Chris Yaw

I am a Christ Lover

Chris Yaw

I know, I'm kind of messy - but here goes... I’m an Episcopal priest serving a congregation in Metro Detroit... With a passion for gun safety... A zest for online Christian formation... A zeal for video blogging... A constant writer... A heart for those who have unintentionally harmed... A commitment to workforce housing... A love for marrying people... And an amazing wife, three kiddos and a cat named Sparrow... If you have interests in any of these areas I'd love to connect with you.


Contact Details

  • St. David's Episcopal Church, 16200 W. Twelve Mile Road, Southfield, Michigan, 48076, USA

  • +011 248-557-5430


St. David's

I have served as rector of St. David's Episcopal Church in Southfield, MI for 16 years, join us Sundays in person or via zoom.

Trinity Gun Disposal

Working on the issue of unwanted gun disposal, we've made some real progress in helping rid the U.S. of unwanted firearms.


Since 2013 we have been helping people learn more about faith through our online learning courses at ChurchNext.

Oakland Housing

Helping middle income families get better housing is a challenge that Oakland Housing has been addressing for 75 years.

Hyacinth Fellowship

Because hurting others hurts us, the Hyacinth Fellowship organizes support groups and reminds us that we are not our worst mistakes.

Yaw Wedding

I have been officiating weddings for more than 20 years and continue to find joy in helping couples build lifelong relationships.

U.S. Guns Produced Today
Americans Accidentally Killed Today
Homeless Americans
Weddings Performed
  • I Think I Can, I Think I Can...

    I Think I Can, I Think I Can...

    My first year of high school track, I entered a race I didnt finish.

    It as the 2 mile, which meant 8 laps around the track.
    Exhausted after 6 laps, I skirted off the track and ran into the storage garage, where I flopped onto the high jump pad. Gasping for breath, I eventually regained my composure, tried to dream up some lame excuse, and unsuccessfully evaded the coach’s wrath. This was not my finest hour.

    Quitting makes us embarrassed, ashamed, and sad.
    I was disappointed in myself and literally felt worth less.

    Years later when I went on to actually finish races, I won a few and did well in others.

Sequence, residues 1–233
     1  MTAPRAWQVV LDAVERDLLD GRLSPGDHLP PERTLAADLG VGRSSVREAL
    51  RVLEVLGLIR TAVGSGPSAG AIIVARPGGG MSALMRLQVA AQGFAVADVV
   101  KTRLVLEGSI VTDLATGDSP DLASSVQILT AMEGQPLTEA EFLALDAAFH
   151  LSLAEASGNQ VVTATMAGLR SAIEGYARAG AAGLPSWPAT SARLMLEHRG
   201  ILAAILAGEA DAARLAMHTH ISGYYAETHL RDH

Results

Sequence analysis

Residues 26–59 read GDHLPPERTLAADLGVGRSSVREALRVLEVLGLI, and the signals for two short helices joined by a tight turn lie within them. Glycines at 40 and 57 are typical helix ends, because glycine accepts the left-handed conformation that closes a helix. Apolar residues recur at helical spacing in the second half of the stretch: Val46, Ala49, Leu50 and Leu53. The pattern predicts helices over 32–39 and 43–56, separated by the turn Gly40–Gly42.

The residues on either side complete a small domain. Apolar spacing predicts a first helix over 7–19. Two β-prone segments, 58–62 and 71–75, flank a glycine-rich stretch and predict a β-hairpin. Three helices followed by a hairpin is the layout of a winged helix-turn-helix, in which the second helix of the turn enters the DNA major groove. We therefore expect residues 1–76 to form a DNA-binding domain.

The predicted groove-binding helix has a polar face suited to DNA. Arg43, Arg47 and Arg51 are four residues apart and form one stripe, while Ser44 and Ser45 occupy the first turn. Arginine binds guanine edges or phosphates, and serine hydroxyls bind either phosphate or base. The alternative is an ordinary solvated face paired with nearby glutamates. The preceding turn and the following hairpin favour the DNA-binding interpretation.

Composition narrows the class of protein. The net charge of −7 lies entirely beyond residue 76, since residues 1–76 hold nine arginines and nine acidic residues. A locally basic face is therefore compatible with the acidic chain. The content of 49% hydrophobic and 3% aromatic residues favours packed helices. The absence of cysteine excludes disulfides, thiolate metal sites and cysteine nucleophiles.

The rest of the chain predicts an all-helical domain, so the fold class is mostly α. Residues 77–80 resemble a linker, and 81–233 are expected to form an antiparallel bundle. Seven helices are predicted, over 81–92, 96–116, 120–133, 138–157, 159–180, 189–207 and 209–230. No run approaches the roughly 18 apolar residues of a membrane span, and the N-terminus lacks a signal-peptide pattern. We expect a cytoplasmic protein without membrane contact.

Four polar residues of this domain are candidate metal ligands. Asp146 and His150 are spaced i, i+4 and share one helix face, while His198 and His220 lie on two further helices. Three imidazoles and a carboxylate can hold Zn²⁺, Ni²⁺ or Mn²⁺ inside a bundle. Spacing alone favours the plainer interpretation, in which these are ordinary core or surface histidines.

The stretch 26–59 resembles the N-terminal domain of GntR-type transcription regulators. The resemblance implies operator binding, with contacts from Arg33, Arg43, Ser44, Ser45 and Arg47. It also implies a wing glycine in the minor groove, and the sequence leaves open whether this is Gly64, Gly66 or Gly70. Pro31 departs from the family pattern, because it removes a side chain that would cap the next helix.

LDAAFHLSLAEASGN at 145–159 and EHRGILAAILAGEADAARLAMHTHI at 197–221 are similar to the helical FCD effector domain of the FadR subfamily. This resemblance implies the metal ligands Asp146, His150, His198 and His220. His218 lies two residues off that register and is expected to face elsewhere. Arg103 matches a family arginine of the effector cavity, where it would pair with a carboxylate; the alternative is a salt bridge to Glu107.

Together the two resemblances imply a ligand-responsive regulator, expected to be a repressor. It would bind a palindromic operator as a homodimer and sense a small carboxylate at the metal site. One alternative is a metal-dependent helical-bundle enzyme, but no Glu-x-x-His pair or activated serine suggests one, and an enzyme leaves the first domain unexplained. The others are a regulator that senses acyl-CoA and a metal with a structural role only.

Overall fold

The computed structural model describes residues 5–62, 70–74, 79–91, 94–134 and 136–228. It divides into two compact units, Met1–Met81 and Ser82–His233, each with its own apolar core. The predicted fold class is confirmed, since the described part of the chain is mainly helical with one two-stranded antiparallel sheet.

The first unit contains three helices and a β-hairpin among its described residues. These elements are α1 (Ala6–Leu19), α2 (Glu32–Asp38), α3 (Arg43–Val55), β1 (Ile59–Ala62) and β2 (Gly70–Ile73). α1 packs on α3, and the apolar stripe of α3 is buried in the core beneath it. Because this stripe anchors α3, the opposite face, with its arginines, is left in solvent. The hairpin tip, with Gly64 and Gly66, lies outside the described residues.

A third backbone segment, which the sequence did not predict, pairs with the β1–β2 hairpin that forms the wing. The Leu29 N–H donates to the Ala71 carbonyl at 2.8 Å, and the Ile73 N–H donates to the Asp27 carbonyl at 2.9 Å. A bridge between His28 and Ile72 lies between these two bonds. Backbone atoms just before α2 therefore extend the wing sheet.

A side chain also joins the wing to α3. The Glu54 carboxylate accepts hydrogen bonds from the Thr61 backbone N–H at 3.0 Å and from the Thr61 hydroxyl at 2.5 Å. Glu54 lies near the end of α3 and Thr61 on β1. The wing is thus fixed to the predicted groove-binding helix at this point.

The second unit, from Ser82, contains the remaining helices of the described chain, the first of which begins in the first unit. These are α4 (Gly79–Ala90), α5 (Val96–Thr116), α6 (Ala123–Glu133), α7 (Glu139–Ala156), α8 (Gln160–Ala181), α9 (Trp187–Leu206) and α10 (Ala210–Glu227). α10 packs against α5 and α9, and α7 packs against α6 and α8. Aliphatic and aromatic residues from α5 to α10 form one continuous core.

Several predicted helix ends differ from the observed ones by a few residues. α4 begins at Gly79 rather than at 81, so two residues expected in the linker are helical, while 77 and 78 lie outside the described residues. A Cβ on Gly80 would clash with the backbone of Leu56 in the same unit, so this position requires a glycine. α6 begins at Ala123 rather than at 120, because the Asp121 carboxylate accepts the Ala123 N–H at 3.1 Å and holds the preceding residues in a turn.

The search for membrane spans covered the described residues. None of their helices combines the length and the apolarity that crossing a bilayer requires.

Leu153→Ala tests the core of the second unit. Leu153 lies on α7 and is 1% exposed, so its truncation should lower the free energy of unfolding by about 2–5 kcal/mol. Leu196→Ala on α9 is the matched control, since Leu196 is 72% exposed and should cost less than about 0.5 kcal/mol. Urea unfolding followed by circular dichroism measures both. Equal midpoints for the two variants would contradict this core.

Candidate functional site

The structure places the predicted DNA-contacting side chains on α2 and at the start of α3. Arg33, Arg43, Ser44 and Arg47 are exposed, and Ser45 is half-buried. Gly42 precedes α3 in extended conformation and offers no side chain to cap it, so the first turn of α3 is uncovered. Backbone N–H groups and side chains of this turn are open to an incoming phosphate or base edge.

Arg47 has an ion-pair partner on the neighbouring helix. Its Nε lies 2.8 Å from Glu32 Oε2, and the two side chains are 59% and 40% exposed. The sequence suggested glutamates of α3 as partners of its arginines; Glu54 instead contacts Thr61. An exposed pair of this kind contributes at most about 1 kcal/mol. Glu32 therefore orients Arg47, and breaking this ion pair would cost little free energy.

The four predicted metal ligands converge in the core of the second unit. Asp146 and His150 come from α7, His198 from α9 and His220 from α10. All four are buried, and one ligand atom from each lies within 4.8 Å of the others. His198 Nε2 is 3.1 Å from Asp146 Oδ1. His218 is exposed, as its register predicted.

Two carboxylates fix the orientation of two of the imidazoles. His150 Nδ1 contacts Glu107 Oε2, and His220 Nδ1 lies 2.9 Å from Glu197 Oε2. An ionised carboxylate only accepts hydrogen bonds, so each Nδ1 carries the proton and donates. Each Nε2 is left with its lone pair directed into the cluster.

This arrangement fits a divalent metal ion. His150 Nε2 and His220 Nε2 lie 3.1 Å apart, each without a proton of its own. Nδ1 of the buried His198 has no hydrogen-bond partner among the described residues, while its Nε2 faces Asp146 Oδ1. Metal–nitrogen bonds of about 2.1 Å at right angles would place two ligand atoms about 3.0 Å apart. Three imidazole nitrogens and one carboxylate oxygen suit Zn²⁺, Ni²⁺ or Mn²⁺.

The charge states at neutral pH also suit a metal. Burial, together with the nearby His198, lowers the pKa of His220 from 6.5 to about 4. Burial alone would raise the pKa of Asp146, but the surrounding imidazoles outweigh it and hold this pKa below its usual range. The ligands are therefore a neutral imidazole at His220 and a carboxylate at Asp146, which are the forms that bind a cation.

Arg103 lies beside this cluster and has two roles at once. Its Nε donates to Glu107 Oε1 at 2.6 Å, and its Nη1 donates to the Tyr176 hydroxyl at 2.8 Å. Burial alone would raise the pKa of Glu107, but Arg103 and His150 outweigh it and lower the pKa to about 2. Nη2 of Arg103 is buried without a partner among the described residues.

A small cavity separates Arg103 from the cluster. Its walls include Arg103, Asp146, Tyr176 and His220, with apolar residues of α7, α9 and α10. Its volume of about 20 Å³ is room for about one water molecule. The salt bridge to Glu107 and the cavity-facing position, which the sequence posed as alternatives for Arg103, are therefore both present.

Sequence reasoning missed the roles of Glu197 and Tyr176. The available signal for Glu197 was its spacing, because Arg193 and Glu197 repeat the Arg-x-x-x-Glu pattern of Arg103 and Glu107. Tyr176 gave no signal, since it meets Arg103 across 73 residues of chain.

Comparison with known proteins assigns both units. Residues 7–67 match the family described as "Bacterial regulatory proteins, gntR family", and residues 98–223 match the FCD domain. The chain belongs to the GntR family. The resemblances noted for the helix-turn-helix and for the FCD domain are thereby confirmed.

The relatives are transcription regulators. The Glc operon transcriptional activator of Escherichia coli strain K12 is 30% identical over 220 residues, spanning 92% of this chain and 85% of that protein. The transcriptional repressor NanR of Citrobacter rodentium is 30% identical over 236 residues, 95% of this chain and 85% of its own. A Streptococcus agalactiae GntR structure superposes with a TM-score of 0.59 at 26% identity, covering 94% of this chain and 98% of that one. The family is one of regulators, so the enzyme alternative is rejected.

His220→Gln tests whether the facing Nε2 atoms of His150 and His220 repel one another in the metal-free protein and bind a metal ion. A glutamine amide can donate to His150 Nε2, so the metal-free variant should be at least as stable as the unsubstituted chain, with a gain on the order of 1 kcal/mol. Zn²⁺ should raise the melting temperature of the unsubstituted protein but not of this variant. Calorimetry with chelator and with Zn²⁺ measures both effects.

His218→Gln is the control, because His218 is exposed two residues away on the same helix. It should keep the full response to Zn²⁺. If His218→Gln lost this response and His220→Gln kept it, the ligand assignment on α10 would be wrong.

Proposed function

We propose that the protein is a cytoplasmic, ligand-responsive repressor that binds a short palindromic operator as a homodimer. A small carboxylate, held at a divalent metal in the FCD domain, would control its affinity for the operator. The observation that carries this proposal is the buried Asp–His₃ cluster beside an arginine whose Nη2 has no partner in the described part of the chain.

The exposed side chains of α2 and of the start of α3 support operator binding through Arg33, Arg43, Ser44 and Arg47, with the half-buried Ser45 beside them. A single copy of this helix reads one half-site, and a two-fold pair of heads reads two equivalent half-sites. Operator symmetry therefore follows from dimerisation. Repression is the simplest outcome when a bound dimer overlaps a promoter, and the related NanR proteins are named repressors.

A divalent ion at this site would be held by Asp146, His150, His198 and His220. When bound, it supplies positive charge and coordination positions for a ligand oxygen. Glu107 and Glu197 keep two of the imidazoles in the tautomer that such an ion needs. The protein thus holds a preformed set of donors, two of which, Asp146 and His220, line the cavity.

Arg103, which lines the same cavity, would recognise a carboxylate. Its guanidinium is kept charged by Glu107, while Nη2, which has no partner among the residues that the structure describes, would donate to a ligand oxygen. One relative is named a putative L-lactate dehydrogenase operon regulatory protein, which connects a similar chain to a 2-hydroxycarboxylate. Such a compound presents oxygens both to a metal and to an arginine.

Persistence, though harder than quitting, leads to accomplishment and builds a sense of self-worth.
    Not wonder I felt proud, satisfied, and like I had been true to myself and my calling.

    This Sunday we will hear Jesus tell an iconic story of perseverance - about a man who won’t quit knocking until his request is fulfilled. Jesus commends this, and we think we know why - because we feel happier and more fulfilled when we take the harder, but more rewarding road of perseverance.

    What are we currently facing that’s demanding persistence?
    What project or relationship?

    Let us remember that our perseverance will make us proud - for our hardest times often lead to our greatest moments - so let us not avoid failing as much as quitting.
  • Dear American Vacationer -

    Dear American Vacationer -

    Dear American Vacationer -

    Congratulations are in order for our great nation - on our recent accomplishments regarding our time off: we American workers are simultaneously at the bottom of the Global list for vacation time offered - and we’re at the top of the list for workers who throw those vacation days away.

    Yes, the majority of Americans end the year with unused vacation time. And even when we go on vacation, a large percentage of us work while we’re gone.

    We would think that this would solve our problem - that 40% of us feel overworked. Half of us feel like we have too much work to finish in a typical week. Two-thirds of us report not having enough time with our spouse, and three-quarters of us report not having enough time with our children.

    We can thank grinding corporate policies and a fearful workforce that play no small role in keeping us ‘on’ even when we’re supposed to be ‘off.'

    And so this summer, I won’t ask us to disconnect on vacation - rather I’ll ask us why you don’t.